Before I start, I want to clarify that there is nothing wrong with using a cosmetic product that contains Vitamin E. I am specifically debunking the idea that you should be putting Vitamin E on scar tissue. Additionally, although post-inflammatory hyperpigmentation is colloquially referred to as “acne scarring”, it is not actually a scar and there is no evidence that putting Vitamin E on hyperpigmentation is anything put benign.
What Are We Talking About?
So, what the hell is Vitamin E, anyways? In general, vitamins are organic compounds that the human body requires. (This contrasts with minerals, like calcium or potassium, which may also be required, but are inorganic.) Vitamin E is the name for eight different fat-soluble compounds, four of which are tocopherols and four of which are tocotrienols.
Image Source: http://en.wikipedia.org/wiki/File:Tocopherol,_alpha-.svg
When Vitamin E is added to topical cosmetics, it is usually in the form of tocopherol acetate. (Tocopheryl linoleate and tocopheryl nicotinate are also used cosmetically.) A wide variety of skincare companies make products featuring Vitamin E, including the Body Shop and Malin + Goetz, where it is typically touted as an antioxidant.
Secondly, what is a scar? I’ve written about scar tissue in more depth here, but a quick-as-a-motherfucker review: A scar is the fibrous tissue that your body may produce post-injury.
Why Do People Think Vitamin E On Scar Tissue is a Good Idea?
According to Baumann and Spencer (1999), “Since the discovery that vitamin E is the major lipid soluble antioxidant in skin, this substance has been tried for the treatment of almost every type of skin lesion imaginable.” In other words, part of the craze is just because it’s there. And, like, antioxidants and stuff.
However, as with many home remedies, there is some scientific reasoning behind the remedy.
Most notably, in vitro evidence shows that Vitamin E inhibits fibroblasts and keratocytes in both humans and rabbits. In particular, Vitamin E increases the levels of a cytokine called basic fibroblast growth factor (bFGF), which inhibits collagen production, an important part of scar formation. ‘Bingo bango!’ thought home remedy advocates. ‘Vitamin E equals less collagen scar formation!’
Image Source: http://crm.nih.gov/stemcell_types/ESC_iPSC/images/fibroblast_D2.jpg
And that would seem true, if we didn’t have any other evidence.
In vitro experiments, or “test tube experiments”, which take place when you isolate a cell or tissue culture from the organism at hand. They are awesome because they let us look a lots of tiny parts individually without getting distracted by a bunch of irrelevant stuff. It’s simple and an essential part of biological science.
But here’s the thing: being able to predict the levels of bFGF in a petri dish don’t always mean a crapload when what we really want is to extrapolate and talk about a big, honking, on-a-living-body scar. That’s why in vivo evidence on an actual set of humans is so important when determining the efficacy of cosmetics ingredients.
Why Is This Actually a Terrible Choice?
We do, in fact, have that in vivo evidence.
Vitamin E, when applied topically to scar tissue, does not improve scar healing. Indeed, it actually results in a pretty worrisome number of minor but troublesome side-effects.
Jenkins and colleagues (1986) tracked 159 burn victims for one year. Participants were randomly assigned to be treated using a Vitamin E cream, a topical steroid cream, or a base cream containing nothing of note. The researchers assessed range of motion, scar thickness, change in graft size, and ultimate cosmetic appearance of the scar. They found no effects of either the topical steroid or the Vitamin E on any of their assessed factors and concluded that neither treatment was effective at reducing scar formation. What’s more, 20% of those receiving the Vitamin E treatment reported some form of adverse side effects as a result of the application.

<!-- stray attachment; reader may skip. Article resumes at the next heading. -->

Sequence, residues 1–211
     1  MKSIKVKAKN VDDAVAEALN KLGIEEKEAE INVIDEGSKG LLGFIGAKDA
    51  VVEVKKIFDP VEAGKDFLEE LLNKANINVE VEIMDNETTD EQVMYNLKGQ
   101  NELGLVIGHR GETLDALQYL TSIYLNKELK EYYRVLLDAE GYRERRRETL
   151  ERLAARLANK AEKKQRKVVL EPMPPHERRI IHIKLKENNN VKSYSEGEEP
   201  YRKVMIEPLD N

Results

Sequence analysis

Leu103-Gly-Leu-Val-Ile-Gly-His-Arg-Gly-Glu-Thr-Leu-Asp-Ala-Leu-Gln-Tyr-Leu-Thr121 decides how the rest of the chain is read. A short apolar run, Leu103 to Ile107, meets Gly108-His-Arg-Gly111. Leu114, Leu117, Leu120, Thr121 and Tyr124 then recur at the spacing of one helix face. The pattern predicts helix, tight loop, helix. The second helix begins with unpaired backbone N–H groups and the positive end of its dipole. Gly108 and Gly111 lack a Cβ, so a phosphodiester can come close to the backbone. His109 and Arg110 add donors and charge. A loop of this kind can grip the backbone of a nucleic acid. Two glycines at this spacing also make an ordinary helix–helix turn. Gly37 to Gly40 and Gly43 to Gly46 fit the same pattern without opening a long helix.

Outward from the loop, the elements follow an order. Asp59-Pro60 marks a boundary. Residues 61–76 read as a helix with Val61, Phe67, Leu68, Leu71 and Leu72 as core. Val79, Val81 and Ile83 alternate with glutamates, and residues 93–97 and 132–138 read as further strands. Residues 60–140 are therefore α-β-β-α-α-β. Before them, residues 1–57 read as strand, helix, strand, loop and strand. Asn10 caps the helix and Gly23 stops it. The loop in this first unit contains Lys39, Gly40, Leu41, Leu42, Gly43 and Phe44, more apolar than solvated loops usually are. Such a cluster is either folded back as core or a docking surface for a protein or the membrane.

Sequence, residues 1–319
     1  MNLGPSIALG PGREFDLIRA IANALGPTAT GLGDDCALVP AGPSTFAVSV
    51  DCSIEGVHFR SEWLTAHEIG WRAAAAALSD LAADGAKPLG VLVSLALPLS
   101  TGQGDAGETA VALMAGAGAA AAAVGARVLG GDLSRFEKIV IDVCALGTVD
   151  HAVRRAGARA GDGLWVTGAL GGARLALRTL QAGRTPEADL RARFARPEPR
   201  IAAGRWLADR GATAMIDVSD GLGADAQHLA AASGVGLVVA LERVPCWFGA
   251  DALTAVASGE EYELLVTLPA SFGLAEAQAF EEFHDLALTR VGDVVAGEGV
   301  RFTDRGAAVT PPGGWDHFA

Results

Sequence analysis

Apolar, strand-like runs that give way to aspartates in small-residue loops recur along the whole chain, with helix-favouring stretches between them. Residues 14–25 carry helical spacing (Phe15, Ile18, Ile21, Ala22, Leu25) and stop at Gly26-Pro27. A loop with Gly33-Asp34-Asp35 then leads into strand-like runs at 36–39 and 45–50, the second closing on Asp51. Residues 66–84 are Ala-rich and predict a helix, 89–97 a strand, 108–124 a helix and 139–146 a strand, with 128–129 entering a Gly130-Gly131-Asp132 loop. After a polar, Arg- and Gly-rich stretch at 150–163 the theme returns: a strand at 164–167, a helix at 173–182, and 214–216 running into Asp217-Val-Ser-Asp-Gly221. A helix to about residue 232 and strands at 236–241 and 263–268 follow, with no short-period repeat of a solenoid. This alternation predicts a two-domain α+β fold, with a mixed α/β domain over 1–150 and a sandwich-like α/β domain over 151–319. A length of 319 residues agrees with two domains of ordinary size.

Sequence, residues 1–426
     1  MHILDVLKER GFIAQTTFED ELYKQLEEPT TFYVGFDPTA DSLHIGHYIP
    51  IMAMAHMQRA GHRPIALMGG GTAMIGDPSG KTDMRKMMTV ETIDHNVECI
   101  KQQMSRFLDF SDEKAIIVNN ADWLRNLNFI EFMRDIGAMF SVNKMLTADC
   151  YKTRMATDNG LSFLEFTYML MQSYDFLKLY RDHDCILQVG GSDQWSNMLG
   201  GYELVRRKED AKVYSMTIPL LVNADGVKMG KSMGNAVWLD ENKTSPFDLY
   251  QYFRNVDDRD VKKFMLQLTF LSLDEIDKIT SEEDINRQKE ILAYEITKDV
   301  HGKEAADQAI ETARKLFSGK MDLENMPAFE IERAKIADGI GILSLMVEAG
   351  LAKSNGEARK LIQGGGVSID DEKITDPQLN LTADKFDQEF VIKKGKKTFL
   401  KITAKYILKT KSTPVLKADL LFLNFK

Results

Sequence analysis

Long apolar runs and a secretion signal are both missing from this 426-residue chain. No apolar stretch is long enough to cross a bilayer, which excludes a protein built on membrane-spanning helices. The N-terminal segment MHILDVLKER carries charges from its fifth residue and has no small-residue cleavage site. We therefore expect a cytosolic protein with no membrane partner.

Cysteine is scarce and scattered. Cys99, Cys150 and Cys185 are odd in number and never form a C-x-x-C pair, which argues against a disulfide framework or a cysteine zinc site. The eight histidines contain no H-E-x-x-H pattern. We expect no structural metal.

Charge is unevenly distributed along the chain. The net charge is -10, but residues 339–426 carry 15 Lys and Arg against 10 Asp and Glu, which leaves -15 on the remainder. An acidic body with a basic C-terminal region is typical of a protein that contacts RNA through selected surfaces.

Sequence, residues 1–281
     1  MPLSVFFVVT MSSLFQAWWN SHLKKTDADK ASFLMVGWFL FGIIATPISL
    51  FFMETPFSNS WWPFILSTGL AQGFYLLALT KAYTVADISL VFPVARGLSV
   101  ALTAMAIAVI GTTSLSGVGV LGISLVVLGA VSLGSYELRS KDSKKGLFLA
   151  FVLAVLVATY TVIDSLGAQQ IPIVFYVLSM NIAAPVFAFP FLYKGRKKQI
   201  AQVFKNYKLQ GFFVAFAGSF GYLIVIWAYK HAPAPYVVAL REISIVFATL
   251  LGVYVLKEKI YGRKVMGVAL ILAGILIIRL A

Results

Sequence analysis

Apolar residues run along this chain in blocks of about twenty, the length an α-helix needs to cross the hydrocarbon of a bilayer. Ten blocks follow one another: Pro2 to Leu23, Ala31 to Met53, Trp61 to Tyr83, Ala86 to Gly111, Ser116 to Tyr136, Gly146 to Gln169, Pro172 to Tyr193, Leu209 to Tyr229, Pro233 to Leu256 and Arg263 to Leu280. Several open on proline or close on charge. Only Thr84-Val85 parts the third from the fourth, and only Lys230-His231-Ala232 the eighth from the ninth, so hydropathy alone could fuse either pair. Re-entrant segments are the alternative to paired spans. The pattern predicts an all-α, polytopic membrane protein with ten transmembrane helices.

A later double-blind study by Baumann and Spencer (1999) had similar results. Skin cancer patients who had undergone surgery to remove their lesions were given two ointments labeled A and B, one of which contained Aquaphor, a traditional emollient, and one of which contained Aquaphor mixed with vitamin E. Scars were then randomly divided into part A and B. Participants were instructed to put Ointment A on part A of the scar and the Ointment B on part B of the scar twice daily for 4 weeks. Scar appearance was independently assessed by the patient, the physician, and a trained investigator. Instead of finding a beneficial effect of the Vitamin E on scar tissue, researchers concluded that “the application of topical vitamin E may actually be detrimental to the cosmetic appearance of a scar.” Furthermore, 33% of the participants developed contact dermatitis, a form of skin inflammation, as a result of the Vitamin E exposure.
|Image Source: http://healthpsych.psy.vanderbilt.edu/2010/VitamineE_files/image002.png|
Zurada, Krigel, and Davis (2006) add that even the in vitro justification for Vitamin E on scar tissue may be flawed. They note, “The use of vitamin E in scar management has other theoretic limitations. Because of its ability to inhibit collagen synthesis, the use of vitamin E early in scar therapy may reduce scar tensile strength and, hence, lead to the development of widened scars and even wound dehiscence.”
If the Evidence Isn’t There, Why Does This Rumor Keep Showing Up?
In my opinion, part of the reason this home remedy refuses to die is because people cannot run a double-blind experiment on themselves… but scars do fade, no matter what you put on them. If someone hears about Vitamin E, uses it, and ends up with a faded a scar, even if it had nothing to do with the Vitamin E, they might continue to recommend it.
This is one of the reasons it is so important to check out what the scientific literature says on an ingredient, rather than relying on user testimonials.